May 24, 2021. By Christopher Lane.
Have you ever had a dream that your teeth were falling out? If so, you’re not alone. In a recent survey, nearly a third of Americans report recurring dreams of losing their teeth. Psychology experts say these dreams relate to personal feelings of insecurity, lack of control, and inadequacy. On the other hand, a healthy smile symbolizes confidence, strength, and hope for the future. So it goes to show that a bad day, a tough week, or a hard year can easily translate to nocturnal delusions of loose, rotten teeth in our heads. Thankfully, most of us wake up from those worrisome dreams to find our pearly whites intact and unchanged. But for many Americans, the nightmare of tooth loss is a daily reality.
Tooth loss (or edentulism, as we say in the dental world) is incredibly common. Current studies estimate that less than half (48%) of adult Americans aged 20-64 have a full set of permanent teeth. And as we age, our risk of tooth loss increases due to wear, tear, oral disease, and poor oral hygiene. By age 65, one in five Americans have lost all of their teeth.
We also know that tooth loss correlates with a variety of socio-economic and health factors. Adults who did not graduate high school are four times more likely to lose their teeth than those who did. Folks with lower incomes have three times greater risk of tooth loss than those with higher incomes. And smokers are four times more likely to lose their teeth than non-smokers. There is a clear pattern here that tooth loss disproportionately affects populations with limited resources and abilities.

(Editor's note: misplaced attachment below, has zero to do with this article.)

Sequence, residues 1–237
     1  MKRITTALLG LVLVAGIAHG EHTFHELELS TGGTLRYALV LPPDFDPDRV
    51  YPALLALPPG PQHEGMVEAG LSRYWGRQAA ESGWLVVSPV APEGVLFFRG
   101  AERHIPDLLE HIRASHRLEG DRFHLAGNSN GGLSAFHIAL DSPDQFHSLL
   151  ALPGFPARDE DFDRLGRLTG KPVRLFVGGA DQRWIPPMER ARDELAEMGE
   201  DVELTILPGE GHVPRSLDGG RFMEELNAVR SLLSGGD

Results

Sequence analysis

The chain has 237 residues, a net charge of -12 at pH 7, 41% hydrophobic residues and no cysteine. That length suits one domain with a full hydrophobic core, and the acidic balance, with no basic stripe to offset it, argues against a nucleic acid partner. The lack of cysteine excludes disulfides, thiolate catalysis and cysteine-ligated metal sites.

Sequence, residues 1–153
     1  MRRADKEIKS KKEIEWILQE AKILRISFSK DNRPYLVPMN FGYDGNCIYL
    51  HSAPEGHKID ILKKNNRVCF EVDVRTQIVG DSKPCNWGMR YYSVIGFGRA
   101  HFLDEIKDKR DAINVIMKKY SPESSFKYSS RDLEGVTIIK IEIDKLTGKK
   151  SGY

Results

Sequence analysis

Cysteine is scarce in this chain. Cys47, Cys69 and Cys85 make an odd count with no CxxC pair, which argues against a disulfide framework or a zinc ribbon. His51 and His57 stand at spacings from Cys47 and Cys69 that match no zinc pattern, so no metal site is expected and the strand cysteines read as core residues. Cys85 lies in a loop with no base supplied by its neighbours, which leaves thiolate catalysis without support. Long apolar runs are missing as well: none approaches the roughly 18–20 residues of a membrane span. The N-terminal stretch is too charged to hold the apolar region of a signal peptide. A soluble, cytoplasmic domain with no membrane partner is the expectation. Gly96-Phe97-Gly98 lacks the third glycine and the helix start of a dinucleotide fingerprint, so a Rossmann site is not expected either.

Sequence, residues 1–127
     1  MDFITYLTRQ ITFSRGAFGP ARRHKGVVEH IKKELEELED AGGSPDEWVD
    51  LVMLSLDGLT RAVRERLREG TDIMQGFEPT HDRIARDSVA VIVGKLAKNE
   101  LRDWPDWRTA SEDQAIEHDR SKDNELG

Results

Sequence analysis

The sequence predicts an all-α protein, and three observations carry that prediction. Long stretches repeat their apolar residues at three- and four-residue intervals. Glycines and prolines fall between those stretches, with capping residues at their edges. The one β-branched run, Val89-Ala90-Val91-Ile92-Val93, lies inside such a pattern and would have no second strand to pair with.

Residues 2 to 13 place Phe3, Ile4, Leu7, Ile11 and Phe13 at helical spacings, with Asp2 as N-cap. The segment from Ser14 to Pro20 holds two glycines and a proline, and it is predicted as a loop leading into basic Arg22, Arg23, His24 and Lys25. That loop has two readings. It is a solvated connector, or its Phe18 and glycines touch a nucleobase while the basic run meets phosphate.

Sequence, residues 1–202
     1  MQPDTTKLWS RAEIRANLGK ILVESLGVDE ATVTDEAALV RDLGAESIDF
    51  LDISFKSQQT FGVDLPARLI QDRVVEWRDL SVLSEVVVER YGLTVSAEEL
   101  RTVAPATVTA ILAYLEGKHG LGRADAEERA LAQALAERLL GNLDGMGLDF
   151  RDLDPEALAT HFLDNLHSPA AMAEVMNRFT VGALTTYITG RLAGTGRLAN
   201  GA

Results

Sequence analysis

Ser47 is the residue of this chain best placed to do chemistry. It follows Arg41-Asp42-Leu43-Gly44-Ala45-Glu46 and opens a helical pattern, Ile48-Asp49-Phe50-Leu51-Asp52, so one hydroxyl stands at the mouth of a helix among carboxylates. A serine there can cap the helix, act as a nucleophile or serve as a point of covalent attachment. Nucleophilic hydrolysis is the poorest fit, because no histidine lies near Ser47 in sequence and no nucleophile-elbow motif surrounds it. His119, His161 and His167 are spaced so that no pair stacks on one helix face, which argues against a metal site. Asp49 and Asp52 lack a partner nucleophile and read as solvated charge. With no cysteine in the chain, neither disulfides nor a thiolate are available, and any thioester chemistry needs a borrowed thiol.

As we discuss health policy on a state level, tooth loss is something we need to keep in mind. It is common and it is a devastating disease process. People with tooth loss overwhelmingly report poor professional advancement and job opportunities, limited ability to eat, lower self-esteem, and lower quality of life. These impacts have incalculable negative effects on the general health, nutrition, and well-being of people. With tooth loss so prevalent among our more vulnerable populations, public health programs must address edentulism.
Currently, NC Medicaid provides coverage for complete and partial dentures for adults. However, it only covers one set of dentures every 10 years. If a denture loses proper fit, becomes damaged or misplaced, low-income citizens have little to no recourse at getting their smile and teeth back until their decade is up. The American Dental Association currently recommends replacing dentures every 5-7 years. By increasing frequency of coverage and replacement to 5 years or less for those with public insurance in North Carolina, we take a small but meaningful step towards improving the lives of those in our state suffering from tooth loss.
Let’s take this step together and preserve the right to smile for so many deserving citizens of North Carolina!
Christopher Lane is a 2020-21 J. Bradley Wilson Schweitzer Fellow and a UNC Adams School of Dentistry student.